Comparison Of Collective Memory And Disney's Romanization Of Pocahontas

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Collective Memory and Disney’s Romanization of Pocahontas
Disney has a penchant for taking old stories, which were typically unsuitable for children, and turning them into movies with beautiful animation and songs which are generally regarded as “timeless classics.” As a result, the original awful tales are forgotten by the children who watch these movies and the shiny, new Disney retellings are passed down through generations and held in our collective memories. The same thing has happened with Disney’s adaptation of Pocahontas, only now it has changed how a generation of children viewed Native Americans. The interactions of the colonists and Natives and the goals of the colonists were accurately portrayed and made more understandable for children through the use of songs. However, Disney took liberties with a story that is completely fictional, appropriated Native American culture, and invalidated Native Americans’ constant struggle throughout American history.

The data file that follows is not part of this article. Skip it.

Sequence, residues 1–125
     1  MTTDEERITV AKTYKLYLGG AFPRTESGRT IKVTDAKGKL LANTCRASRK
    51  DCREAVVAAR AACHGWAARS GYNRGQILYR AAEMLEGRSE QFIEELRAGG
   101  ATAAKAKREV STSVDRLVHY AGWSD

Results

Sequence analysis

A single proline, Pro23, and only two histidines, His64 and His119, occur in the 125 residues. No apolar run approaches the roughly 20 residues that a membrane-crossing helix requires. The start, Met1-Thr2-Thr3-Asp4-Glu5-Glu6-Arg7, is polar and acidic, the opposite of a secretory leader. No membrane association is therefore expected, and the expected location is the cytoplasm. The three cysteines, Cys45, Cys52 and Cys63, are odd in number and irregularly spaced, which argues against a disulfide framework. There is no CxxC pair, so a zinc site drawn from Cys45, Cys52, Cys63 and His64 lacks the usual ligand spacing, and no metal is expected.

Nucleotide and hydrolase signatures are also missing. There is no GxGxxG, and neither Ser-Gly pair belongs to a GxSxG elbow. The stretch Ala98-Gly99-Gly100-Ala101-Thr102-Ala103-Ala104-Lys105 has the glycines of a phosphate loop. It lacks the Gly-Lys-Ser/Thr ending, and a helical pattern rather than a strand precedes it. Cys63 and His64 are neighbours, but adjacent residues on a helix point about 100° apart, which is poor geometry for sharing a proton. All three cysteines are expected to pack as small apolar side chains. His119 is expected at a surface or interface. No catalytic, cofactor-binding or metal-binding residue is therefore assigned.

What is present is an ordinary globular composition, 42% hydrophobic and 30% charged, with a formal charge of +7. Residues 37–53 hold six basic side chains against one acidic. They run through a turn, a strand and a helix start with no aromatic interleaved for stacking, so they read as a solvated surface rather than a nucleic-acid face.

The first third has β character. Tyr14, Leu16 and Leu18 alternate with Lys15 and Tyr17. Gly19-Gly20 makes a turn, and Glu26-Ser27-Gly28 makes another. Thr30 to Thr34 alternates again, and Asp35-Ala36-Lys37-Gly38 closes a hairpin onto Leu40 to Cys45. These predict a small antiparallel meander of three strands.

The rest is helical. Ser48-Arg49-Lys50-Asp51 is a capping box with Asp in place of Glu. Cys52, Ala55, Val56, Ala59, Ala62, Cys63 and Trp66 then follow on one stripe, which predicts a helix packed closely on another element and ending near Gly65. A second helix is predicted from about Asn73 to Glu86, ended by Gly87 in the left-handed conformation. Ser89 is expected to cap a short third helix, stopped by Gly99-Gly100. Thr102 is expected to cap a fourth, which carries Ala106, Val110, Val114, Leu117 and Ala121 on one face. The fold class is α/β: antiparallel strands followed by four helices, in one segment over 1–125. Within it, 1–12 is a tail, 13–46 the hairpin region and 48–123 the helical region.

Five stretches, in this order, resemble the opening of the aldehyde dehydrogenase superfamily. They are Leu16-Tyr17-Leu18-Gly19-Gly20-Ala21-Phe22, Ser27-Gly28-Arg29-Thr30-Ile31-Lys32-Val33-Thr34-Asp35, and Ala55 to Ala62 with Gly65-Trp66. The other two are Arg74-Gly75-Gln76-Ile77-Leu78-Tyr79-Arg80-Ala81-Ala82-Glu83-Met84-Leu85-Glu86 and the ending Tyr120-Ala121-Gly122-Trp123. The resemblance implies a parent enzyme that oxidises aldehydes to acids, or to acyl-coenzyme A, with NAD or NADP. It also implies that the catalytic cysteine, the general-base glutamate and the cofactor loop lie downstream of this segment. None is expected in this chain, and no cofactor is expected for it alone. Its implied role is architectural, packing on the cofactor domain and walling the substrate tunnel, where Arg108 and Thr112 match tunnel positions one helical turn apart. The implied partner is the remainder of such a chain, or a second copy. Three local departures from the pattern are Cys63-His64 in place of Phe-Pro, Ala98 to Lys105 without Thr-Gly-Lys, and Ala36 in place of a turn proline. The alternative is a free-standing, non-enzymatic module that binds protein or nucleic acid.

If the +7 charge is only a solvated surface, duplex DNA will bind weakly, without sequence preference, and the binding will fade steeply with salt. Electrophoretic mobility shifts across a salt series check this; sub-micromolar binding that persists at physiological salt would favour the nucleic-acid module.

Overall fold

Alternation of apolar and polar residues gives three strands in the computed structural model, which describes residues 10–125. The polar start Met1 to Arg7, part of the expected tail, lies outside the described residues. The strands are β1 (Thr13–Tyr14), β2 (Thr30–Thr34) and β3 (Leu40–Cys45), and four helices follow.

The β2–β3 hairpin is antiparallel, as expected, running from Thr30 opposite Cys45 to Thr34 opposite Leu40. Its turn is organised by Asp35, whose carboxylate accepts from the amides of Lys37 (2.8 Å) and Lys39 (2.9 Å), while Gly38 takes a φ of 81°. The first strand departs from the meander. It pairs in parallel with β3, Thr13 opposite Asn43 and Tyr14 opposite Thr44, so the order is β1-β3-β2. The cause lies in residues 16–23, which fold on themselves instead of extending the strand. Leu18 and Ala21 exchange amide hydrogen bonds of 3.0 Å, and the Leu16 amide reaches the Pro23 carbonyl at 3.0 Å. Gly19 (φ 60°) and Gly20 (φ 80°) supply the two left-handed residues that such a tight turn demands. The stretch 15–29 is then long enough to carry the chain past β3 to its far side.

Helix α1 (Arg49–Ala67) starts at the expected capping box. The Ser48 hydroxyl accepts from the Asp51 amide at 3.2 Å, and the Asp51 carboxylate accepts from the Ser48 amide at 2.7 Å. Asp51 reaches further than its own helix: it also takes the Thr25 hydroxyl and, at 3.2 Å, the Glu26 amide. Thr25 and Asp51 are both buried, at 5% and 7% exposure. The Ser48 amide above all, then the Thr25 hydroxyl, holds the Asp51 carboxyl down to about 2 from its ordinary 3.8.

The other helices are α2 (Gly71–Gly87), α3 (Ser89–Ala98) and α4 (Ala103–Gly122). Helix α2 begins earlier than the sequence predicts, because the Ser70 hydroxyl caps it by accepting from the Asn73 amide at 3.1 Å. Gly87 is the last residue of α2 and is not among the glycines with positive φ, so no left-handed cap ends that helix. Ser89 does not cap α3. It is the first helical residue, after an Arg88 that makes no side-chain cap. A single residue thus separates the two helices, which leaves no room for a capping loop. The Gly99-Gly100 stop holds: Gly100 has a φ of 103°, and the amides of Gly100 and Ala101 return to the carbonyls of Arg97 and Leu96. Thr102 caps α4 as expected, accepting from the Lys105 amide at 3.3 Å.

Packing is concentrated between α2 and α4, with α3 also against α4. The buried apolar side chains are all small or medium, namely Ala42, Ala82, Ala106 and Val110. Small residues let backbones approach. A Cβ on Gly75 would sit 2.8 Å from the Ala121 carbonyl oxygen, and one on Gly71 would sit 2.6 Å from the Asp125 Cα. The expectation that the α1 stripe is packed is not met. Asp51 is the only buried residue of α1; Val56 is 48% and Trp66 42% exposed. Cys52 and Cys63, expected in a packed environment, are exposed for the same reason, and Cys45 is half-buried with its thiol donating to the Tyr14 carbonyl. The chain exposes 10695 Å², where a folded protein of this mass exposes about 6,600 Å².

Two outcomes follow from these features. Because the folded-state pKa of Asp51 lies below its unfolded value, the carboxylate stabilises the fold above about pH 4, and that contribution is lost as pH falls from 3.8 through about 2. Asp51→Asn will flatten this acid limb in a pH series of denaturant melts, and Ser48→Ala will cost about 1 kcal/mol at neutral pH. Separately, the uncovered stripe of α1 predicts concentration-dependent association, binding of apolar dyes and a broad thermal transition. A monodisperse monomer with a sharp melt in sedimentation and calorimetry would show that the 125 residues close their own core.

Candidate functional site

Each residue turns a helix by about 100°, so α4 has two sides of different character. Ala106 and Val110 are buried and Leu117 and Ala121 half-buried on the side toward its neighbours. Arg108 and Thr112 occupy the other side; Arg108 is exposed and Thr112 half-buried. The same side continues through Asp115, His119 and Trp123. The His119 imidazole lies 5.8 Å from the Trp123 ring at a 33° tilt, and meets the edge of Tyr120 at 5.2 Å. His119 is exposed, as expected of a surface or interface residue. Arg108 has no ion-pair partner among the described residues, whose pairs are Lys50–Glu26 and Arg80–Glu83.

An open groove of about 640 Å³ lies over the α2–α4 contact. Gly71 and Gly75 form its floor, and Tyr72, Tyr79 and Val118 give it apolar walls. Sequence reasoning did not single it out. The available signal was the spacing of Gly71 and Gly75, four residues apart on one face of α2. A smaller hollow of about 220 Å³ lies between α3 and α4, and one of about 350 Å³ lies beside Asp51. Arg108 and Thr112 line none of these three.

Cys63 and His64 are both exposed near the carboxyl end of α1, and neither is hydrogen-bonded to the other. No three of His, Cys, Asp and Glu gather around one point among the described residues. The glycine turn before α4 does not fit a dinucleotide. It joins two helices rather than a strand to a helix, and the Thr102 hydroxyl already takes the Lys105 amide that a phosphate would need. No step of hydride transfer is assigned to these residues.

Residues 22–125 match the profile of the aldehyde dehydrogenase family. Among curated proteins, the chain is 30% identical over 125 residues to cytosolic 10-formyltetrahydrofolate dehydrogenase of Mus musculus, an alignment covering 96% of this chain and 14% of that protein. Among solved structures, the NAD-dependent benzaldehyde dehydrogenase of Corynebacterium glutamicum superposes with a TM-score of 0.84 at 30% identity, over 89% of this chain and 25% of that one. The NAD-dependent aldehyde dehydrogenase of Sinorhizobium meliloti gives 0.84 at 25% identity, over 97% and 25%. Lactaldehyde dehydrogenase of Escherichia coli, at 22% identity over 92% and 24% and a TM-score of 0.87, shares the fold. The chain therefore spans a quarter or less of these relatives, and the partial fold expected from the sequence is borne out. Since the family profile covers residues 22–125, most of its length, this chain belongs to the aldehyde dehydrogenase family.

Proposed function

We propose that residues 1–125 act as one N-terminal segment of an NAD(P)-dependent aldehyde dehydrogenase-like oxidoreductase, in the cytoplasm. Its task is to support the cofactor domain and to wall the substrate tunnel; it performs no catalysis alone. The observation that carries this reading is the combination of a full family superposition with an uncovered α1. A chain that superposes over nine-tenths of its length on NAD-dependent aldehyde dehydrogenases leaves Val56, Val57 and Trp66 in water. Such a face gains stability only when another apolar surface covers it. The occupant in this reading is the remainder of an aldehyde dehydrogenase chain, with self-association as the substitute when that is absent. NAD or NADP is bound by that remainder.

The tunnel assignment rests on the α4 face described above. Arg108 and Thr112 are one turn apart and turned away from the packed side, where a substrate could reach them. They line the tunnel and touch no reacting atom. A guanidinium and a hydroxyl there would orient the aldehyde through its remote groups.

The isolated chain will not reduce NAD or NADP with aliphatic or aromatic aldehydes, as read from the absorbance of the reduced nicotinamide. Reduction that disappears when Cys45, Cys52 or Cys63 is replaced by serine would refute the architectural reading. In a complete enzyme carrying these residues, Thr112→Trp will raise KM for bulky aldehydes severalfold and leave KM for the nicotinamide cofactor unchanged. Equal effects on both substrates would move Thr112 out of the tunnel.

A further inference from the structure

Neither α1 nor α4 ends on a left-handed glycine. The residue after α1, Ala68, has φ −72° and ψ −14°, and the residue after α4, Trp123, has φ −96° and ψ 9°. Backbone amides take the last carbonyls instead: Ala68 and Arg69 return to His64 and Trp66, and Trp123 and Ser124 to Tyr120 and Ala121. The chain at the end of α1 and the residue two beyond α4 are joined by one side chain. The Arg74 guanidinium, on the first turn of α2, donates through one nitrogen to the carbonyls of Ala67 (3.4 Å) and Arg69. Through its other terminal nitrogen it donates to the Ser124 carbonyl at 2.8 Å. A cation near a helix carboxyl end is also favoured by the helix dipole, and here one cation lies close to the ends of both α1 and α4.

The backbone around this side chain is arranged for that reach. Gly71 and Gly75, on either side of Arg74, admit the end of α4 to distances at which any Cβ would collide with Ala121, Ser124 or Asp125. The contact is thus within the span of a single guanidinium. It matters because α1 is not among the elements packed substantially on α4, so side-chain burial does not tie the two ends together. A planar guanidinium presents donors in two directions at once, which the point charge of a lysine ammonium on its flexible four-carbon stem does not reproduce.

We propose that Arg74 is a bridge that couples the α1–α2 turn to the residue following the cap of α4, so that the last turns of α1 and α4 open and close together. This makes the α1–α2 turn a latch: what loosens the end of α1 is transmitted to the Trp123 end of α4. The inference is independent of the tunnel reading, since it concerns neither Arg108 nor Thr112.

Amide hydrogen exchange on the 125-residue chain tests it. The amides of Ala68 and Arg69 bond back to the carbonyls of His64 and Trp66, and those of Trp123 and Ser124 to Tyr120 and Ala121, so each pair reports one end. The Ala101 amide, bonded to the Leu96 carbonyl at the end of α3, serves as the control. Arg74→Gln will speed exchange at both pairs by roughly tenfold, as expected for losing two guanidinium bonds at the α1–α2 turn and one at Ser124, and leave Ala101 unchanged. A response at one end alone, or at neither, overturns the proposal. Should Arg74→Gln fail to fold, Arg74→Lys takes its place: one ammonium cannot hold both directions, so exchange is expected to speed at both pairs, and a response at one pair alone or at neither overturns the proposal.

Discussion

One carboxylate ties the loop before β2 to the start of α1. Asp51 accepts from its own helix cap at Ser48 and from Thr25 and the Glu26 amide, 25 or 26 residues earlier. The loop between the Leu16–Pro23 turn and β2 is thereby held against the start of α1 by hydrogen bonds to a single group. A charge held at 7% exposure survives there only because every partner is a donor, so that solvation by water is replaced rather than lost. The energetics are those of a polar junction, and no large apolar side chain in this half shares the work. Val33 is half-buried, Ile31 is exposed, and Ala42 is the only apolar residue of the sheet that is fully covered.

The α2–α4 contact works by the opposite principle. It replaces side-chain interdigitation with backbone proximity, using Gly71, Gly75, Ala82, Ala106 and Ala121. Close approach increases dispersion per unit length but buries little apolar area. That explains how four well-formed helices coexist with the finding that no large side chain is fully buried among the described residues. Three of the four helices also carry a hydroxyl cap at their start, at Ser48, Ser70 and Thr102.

The first song, “The Virginia Company,” is played as the
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John Smith, who was known to embellish when he wrote, described the incident in his Generall Historie. He tells it dramatically, saying, “…and being ready… to beat out his braines, Pocahontas…laid her owne [head] upon his to save him from death…” (Smith, Generall Historie). However, as Gail Tremblay points out in her article “Reflecting on Pocahontas,” he had told the story of different women saving his life on other journeys, and the surviving settlers were not present during the incident to confirm or deny Smith’s story. Even then, the Pocahontas in Smith’s story is only about ten, but in order to fulfill the desire for the classic Disney romance, Pocahontas is aged “…into a flirty, full-grown vixen…concerned with finding Mr. Right.” (“‘Pocahontas,’ Romantic and Revisionist,” New York Times,

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